Ecuador’s World Cup Loss to Qatar

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Despite being the Asian champion, Qatar failed to get its first win in the World Cup on Sunday. Ecuador defeated the hosts 2-0 in Al Bayt Stadium, the first time Qatar has ever suffered a defeat in a World Cup game. The match was also the first in which a host country has lost its opening game since 1934.

Ecuador had not conceded in six matches before this match. It was a resurgent team, with the re-emergence of Enner Valencia, the winger who scored three goals in the 2014 World Cup. He scored two goals in the first half, including a penalty, and then doubled the score after a disallowed header from Qatar. In the 33rd minute, the Ecuadorian forward headed in a cross from Angelo Preciado. The home side had a couple of chances to score but none of them were on target.

Ecuador played the game with discipline and kept Qatar at bay throughout the first half. But it wasn’t until a late goal from Mohammed Muntari that the home side really threatened to score. The hosts were ragged at the back, allowing Ecuador to keep the ball in their own half and often making passes that were wildly astray. Qatar managed five shots throughout the game, but none were on target.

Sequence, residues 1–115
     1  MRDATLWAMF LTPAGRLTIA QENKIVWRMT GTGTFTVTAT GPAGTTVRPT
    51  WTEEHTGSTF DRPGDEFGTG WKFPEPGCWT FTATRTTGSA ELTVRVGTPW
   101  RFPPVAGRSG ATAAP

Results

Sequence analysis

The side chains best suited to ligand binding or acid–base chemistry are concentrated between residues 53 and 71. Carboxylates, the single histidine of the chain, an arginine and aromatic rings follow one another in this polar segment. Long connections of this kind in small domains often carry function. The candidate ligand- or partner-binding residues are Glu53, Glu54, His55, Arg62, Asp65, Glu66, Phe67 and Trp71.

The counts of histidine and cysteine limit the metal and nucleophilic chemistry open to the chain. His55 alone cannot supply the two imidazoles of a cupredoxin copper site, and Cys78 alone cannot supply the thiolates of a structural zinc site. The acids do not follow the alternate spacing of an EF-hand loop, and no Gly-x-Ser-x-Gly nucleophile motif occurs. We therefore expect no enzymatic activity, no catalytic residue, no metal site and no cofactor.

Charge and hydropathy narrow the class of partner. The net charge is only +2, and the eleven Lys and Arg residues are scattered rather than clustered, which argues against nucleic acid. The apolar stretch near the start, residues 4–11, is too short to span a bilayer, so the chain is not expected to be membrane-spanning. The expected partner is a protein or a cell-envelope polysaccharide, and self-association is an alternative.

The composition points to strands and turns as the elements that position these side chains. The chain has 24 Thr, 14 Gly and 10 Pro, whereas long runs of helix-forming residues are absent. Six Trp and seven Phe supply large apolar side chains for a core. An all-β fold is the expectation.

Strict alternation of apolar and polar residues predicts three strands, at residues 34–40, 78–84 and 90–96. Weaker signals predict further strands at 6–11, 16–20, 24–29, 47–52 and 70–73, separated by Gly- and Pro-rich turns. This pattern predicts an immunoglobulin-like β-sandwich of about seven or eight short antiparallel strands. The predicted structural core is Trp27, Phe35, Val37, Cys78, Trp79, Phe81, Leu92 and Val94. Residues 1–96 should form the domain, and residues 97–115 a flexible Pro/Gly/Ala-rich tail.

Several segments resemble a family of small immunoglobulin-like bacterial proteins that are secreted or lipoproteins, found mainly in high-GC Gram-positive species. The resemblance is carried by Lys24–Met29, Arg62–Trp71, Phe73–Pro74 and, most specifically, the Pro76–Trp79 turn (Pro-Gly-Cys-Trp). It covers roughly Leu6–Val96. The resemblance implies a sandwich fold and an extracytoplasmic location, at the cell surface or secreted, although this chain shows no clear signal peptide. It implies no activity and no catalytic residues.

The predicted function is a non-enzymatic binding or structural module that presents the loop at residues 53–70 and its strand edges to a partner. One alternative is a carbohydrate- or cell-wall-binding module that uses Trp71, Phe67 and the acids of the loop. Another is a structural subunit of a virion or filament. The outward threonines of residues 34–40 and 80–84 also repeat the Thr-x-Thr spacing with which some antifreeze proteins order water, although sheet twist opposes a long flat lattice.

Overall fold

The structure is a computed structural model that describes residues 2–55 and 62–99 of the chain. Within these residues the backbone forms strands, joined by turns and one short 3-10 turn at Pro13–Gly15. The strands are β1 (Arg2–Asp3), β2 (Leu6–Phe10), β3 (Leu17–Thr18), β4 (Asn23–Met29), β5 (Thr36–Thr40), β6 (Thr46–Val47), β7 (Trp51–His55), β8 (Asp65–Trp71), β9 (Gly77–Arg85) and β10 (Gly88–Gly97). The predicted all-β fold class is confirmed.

Qatar looked nervous at the opening ceremony, and it appeared that their players were not ready to face the competition. They had to go to an unprecedented international training camp to get prepared for the World Cup. But the team’s nerves must have played a big role in its dismal performance.

In the first half, Ecuador dominated possession and created chances, with Ecuador’s Enner Valencia scoring the first goal after a penalty. Qatar’s Saad Al Sheeb was booked for a challenge on Valencia. However, VAR determined that the player was not a sub. Then, the Ecuadorian captain scored a second goal after a penalty was awarded. It was a strong header that went inside the near post. In the second half, Ecuador’s Ener Valencia scored two more goals, including a penalty, and the home side did a little better in the second period.

While there were some home supporters, the stadium wasn’t full. Some fans had to leave early, and others stayed through the game’s end. This was a sign of the importance of the game, but also of cultural differences. Some elderly people couldn’t go to the match and toddlers weren’t allowed to attend.

Qatar is a tiny Arab country in the Persian Gulf, with the highest GDP per capita in the world. It also has the world’s largest natural gas fields. But the country has also been the target of scrutiny for its treatment of foreign workers. The migrant workforce is mostly from Bangladesh and India. There have been allegations that thousands of workers have been abused and killed in recent years. Qatari officials have denied the claims. But the World Cup may be the perfect time to shed light on the problem.

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